As publishers lose negotiating power and terms inevitably extend, it is important to invest in technology that can expedite each step of the billing process—from invoicing to closing and every reconciliation in between. With software that can manage commissions, split reconciliation, and handle revenue actualization, many publishers can accelerate billing and payouts by as much as 10 days

#4 Media companies acknowledge subscriptions aren’t the answer

In recent years, many publishers have shifted to subscription models to generate more predictable revenue. In fact, subscription-based digital publishing skyrocketed by 300% between 2012 and 2019. 

Given this upward swing, the market is now incredibly competitive, and even major publishers are having trouble retaining subscribers. The Washington Post, for example, lost 15% of its digital subscribers in 2022. Just 36 English language publishers have more than 100,000 digital subscribers worldwide, and only some of the top titles are seeing stable or growing subscriber numbers. With one-third of U.S. consumers indicating they are “overwhelmed” by the amount of subscriptions they must manage, subscription-only models become even riskier for small publishers. Luckily, a new trend is emerging to take the place of the subscription model: pay-to-read micropayments. 

Micropayments are one-way publishers are adapting to change and creating sustainability in an environment where ads don’t always pay the bills. The micropayment model allows readers to charge a very small fee to their debit or credit card for each article they read in lieu of a monthly subscription for all content on a given site. In 2024, we expect to see many mid-sized publishers adopt this model, and many more will reckon with whether a subscription model really works for them.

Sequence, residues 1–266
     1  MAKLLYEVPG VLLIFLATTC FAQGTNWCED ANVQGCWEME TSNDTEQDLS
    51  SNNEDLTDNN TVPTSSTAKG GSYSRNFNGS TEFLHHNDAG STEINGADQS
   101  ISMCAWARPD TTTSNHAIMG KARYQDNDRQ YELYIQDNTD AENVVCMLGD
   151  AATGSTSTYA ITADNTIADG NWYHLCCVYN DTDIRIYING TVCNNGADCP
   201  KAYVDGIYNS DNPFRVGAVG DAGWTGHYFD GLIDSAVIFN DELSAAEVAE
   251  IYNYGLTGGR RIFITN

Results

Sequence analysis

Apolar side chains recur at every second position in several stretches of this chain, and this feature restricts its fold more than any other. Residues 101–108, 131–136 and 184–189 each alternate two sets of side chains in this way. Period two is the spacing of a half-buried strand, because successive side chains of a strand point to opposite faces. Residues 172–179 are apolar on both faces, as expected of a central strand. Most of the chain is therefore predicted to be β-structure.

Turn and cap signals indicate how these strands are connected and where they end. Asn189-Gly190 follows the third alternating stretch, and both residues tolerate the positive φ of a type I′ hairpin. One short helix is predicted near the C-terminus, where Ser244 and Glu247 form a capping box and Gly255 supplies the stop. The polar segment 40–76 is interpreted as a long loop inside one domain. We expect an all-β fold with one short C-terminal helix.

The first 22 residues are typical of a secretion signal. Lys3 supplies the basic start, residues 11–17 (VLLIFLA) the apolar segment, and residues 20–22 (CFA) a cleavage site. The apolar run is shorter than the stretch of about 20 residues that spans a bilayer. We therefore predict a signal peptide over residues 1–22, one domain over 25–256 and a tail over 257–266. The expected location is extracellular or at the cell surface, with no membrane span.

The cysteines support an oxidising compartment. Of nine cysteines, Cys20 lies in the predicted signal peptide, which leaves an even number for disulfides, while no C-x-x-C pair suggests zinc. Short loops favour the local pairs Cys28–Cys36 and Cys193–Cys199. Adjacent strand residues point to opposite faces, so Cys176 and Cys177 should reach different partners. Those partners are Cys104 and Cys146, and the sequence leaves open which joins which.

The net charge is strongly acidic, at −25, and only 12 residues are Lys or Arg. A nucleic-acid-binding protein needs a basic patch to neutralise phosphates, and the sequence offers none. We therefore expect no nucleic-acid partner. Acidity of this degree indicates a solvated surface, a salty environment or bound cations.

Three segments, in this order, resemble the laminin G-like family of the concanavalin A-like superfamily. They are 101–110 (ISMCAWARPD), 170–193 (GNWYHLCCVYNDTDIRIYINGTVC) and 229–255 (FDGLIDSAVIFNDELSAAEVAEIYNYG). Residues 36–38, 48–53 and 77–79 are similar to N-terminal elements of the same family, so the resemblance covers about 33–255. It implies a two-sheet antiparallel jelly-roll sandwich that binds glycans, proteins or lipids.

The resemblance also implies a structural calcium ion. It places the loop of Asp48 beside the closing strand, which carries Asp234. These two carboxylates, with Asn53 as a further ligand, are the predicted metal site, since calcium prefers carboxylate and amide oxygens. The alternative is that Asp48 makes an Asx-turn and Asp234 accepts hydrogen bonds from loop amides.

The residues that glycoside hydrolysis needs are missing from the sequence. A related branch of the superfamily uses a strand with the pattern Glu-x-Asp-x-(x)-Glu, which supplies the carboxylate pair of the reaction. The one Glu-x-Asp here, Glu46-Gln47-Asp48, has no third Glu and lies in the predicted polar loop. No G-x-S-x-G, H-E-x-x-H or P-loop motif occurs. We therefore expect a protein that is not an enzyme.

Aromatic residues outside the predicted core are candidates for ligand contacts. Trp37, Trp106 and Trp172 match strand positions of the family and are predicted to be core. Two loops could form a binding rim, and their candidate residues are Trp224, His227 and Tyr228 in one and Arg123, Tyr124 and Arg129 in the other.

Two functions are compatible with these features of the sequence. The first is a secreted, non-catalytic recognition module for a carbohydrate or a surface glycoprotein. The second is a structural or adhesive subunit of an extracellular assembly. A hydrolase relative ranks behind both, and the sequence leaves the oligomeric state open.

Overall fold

Alternatives—or additions—to micropayments and subscription models also include licensing first-party data. Publishers can support and monetize their work by helping advertisers meet privacy-related challenges with their first-party data. This has the effect of not just buoying publishers but also creating closer relationships with advertisers and a higher level of transparency with consumers.

Make the near year truly happy 

2024 can be your banner year if you prepare for industry-wide shifts and consider how your business can navigate the resulting challenges and opportunities. Easy wins may include preparing your Olympics and election packages early since ad spending is set to break records. Other potential moves include:

  • Commit your AI strategy to paper. How will you mobilize AI for your business? How will it be integrated? Outline your vision so you can move forward confidently. 
  • Research alternatives to subscriptions alone. How else can you mobilize revenue? Can you leverage your first-party data? Model the potential profits from a micropayment system. 
  • Invest in SEO and direct traffic bids. Audit your website and existing email marketing. Start activating tactics that don’t rely too heavily on social media for audience development. 
  • Invest in software that accelerates billing cycles. Every day counts when it comes to cash flow. Explore technologies that can eliminate billing discrepancies, automate commissions, and help you navigate reconciliations. 

As you look to the future, make sure you have the right technology on your side. CRM and OMS solutions underpin every move publishers make, and they can support businesses through the changes that this new year will bring. At Boostr, we’ve designed our ad management software specifically for media publishers and pride ourselves on our unique ability to evolve both with our partners and the times. 

Find out how the right technology can make your new year happy and profitable. Let’s talk. 


Boostr is the only platform that seamlessly integrates CRM and OMS capabilities to address the unique challenges of media advertising. With boostr, companies gain the unified visibility necessary to effectively manage, maximize and scale omnichannel ad revenue profitability with user-friendly workflows, actionable insights, and accurate forecasting.